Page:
U.S. sees deadliest day in COVID-19 outbreak

U.S. sees deadliest day in COVID-19 outbreak
U.S. sees deadliest day in COVID-19 outbreak  

As the Chinese city that was the original center of the coronavirus outbreak came out of lockdown with a celebratory light show, the U.S. registered its deadliest day yet with nearly 2,000 lives lost.

After 11 weeks of strict restrictions on their movements, residents of Wuhan were allowed out on Wednesday and tens of thousands of residents prepared to leave the city, 100 days after the World Health Organization first reported the virus.

In the U.S., the virus has now killed 12,849 people as of 2:50 am ET Wednesday, according to NBC News' tally, while the number of confirmed cases are nearing 400,000.

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New York remains the American epicenter of the crisis with a spike of over 800 fatalities Tuesday, dashing hopes numbers were leveling off. The state now accounts for 5,489 of the deaths in the U.S.

"This is a monster," President Donald Trump said during Tuesday's daily coronavirus task force update, noting that even one death is "painful."

Trump said that critical supplies would reach the hotspots in need of them, with 27 more so-called "air bridge" flights scheduled to distribute medical equipment in the coming weeks. The Army Corps of Engineers is also rushing to build facilities to hold a total of 15,000 hospital beds, he said.

Vice President Mike Pence has said new guidance from the Centers for Disease Control can be expected on Wednesday, for people who have potentially been exposed to the virus but not displayed symptoms. This will include advice on whether they can return to work, he said.

Addressing alarm that African Americans may be dying at a rate three or more times higher compared with other communities, the nation's top infectious diseases expert, Dr. Anthony Fauci, said data is being collected on the issue.

Trump said such data should be made publicly available later this week.

Fauci also offered a possible explanation that "given the disproportionate disparity of the underlying conditions that lead to complications" among African Americans. "I expect that we still see the pattern that when you look at the proportion of people who get into serious trouble and die again will be disproportionate for the African Americans," he added.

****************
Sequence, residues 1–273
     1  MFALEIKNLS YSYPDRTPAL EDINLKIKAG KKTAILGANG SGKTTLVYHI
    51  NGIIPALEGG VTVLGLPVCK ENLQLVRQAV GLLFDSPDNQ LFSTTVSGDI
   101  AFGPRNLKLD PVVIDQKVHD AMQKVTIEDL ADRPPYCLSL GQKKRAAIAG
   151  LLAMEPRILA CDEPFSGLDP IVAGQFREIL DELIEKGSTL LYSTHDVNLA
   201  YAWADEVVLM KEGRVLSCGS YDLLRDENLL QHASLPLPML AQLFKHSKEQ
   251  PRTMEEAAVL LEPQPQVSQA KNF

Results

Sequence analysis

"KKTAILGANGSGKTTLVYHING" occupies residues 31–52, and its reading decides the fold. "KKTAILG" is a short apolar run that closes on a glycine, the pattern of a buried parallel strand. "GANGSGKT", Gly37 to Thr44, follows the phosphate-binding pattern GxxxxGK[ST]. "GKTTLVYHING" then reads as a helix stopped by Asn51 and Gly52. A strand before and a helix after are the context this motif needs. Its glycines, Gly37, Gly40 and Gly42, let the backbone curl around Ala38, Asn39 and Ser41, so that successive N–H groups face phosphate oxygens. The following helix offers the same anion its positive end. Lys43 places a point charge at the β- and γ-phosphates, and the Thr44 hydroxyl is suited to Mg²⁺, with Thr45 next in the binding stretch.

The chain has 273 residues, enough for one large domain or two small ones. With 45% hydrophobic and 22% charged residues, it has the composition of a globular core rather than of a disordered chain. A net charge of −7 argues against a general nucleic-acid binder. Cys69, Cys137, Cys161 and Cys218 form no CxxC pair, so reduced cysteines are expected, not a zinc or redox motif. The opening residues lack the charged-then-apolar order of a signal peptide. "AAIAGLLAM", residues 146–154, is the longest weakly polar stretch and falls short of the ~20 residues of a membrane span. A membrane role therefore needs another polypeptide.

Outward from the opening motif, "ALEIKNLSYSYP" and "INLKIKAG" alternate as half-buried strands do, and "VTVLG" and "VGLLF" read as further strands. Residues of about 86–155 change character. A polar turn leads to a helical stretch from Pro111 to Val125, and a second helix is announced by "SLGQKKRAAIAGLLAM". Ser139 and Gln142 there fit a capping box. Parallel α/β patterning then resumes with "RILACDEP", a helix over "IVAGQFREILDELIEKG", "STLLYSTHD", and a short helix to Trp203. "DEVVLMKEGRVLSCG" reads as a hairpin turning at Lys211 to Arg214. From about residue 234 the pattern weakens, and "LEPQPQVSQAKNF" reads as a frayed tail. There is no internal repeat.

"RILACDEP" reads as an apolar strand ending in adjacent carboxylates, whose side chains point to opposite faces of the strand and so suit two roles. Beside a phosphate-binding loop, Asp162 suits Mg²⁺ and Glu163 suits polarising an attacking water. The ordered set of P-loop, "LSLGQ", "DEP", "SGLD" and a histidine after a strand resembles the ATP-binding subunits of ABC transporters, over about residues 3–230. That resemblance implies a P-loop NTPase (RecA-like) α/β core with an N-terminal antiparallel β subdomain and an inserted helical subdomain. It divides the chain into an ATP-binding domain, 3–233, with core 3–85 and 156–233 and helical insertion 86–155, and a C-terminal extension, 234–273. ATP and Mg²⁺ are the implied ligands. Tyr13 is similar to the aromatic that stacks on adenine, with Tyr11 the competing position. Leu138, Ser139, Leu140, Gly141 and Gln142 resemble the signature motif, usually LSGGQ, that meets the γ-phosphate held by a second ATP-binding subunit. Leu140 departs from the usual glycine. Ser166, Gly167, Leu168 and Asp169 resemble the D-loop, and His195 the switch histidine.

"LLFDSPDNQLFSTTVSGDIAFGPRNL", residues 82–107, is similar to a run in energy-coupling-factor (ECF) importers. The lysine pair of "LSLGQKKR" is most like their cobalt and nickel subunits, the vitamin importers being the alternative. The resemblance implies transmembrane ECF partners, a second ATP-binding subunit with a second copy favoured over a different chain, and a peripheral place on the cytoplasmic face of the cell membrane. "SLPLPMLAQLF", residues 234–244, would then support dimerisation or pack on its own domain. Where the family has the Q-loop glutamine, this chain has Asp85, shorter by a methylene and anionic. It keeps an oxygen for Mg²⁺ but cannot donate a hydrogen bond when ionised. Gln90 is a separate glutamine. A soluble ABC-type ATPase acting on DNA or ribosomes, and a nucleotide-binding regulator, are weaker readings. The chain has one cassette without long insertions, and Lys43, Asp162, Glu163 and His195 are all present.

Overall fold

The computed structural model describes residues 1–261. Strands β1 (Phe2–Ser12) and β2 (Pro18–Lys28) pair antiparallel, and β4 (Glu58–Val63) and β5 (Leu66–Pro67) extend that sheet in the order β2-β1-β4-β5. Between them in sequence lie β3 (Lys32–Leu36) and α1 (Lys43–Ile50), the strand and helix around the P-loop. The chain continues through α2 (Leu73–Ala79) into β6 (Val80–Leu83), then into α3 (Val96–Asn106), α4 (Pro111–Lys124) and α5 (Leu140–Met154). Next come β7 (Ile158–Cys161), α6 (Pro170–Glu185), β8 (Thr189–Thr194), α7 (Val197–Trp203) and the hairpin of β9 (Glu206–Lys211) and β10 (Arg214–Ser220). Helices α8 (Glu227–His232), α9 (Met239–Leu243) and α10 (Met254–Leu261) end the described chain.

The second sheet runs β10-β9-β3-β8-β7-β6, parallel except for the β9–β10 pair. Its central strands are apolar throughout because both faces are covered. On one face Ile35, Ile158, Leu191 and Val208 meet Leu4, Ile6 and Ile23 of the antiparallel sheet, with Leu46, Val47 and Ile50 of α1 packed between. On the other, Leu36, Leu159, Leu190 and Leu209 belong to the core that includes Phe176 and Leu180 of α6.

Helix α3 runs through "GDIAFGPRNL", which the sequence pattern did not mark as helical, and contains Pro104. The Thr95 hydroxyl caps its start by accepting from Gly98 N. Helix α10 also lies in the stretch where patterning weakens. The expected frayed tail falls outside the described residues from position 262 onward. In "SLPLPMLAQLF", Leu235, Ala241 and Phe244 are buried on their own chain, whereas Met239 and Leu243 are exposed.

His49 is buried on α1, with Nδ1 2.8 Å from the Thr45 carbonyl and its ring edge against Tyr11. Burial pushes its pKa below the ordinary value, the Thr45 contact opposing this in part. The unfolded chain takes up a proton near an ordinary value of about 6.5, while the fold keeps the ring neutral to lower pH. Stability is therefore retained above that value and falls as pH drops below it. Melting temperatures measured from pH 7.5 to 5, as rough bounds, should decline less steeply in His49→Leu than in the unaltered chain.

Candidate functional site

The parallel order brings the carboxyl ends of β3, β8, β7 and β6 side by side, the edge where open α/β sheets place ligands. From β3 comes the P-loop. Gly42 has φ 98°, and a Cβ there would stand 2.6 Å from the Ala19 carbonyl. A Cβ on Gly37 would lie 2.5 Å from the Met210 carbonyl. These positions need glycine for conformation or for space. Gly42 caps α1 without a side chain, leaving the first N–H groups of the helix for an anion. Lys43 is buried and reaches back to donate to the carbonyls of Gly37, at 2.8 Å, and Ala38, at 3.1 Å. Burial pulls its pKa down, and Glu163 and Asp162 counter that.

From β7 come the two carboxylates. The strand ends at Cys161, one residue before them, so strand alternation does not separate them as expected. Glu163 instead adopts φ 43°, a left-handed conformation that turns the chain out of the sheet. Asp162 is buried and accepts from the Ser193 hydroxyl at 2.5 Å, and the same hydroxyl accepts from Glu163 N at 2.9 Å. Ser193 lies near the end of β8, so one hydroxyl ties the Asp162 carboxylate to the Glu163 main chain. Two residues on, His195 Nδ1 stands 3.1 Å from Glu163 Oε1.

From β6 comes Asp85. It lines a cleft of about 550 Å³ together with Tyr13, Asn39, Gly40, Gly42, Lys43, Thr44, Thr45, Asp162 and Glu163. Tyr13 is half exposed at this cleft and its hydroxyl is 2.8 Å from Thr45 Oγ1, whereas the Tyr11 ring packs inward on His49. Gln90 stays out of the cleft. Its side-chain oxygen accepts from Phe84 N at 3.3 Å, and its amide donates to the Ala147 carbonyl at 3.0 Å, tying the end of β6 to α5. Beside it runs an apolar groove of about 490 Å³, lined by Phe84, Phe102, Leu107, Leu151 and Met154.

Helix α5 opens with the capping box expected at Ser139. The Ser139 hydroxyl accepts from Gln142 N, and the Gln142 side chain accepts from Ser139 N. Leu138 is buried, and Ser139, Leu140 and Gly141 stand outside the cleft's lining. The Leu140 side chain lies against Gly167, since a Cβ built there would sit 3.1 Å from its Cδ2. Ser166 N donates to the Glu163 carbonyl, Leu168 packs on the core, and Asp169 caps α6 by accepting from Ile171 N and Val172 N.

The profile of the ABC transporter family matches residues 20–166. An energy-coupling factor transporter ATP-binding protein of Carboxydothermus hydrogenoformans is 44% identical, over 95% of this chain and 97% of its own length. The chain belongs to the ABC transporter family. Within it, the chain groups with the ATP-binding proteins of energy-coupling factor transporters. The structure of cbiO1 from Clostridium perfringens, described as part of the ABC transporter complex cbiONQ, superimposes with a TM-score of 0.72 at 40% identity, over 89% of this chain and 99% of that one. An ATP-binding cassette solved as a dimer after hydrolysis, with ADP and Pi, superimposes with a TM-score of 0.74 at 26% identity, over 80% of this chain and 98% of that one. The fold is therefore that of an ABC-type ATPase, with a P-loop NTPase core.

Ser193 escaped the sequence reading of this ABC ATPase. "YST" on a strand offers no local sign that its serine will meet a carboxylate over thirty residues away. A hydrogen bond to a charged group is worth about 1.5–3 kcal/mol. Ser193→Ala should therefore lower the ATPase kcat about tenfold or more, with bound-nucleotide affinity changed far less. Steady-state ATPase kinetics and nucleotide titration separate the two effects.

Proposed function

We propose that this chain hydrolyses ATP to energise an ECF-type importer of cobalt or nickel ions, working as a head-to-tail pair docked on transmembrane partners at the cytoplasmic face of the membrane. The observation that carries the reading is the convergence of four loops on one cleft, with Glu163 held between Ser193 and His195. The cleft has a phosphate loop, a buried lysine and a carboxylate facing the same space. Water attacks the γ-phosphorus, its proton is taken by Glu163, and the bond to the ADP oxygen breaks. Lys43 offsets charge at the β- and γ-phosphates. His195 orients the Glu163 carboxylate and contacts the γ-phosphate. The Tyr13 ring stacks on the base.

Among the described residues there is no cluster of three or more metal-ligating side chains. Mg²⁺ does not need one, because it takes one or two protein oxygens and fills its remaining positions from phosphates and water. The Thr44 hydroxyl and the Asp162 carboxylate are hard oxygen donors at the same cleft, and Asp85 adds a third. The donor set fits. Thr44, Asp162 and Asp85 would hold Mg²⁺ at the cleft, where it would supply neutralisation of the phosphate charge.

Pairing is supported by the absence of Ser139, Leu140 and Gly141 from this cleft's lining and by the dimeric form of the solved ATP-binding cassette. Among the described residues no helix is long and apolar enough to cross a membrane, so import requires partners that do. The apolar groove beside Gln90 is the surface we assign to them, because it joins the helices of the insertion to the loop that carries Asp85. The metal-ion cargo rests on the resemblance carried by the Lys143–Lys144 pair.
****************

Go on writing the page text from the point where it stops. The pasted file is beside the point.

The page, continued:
Meanwhile in Wuhan, flights have began to take off from Tianhe airport. Tens of thousands were also expected to leave the city by train.

As a sense of normalcy slowly resumed, many took to the streets to watch a celebratory light display to mark an end to the darkest days in the city where the disease is thought to have originated. It was set off from a bridge crossing the broad Yangtze River which flows through the industrial city.

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However, life in the 11 million-strong city remains far from normal. Social distancing is still enforced and traveling requires a green health code on cell phone app, which confirms the owner is virus free.

"I think I never lost hope," resident Zhou Zijin told NBC News. "I always thought there will be a day when all of this will end."

Wuhan has paid a high price in the pandemic, with 50,000 cases and more than 2,500 deaths, according to figures provided by local health officials. It reported only two new confirmed cases in the past 14 days, although one new death was registered in Wuhan on Wednesday.

Despite Chinese health officials claiming a significant drop in domestic infections, the threat of the epidemic elsewhere in China persisted on Wednesday as Suifenhe city in northern Heilongjiang province announced the closure of all residential areas, telling people to stay in their compounds to combat the spread of the virus.

China's new reported coronavirus cases, which officials say have been mostly imported from abroad, nearly doubled on Tuesday, while new asymptomatic infections more than quadrupled, as authorities scramble to squash any new outbreaks by shutting its borders to foreigners and testing all international arrivals.

According to official reports from around the world, the virus has infected more than 1.4 million people, killed 82,000 and stalled the world's economy.


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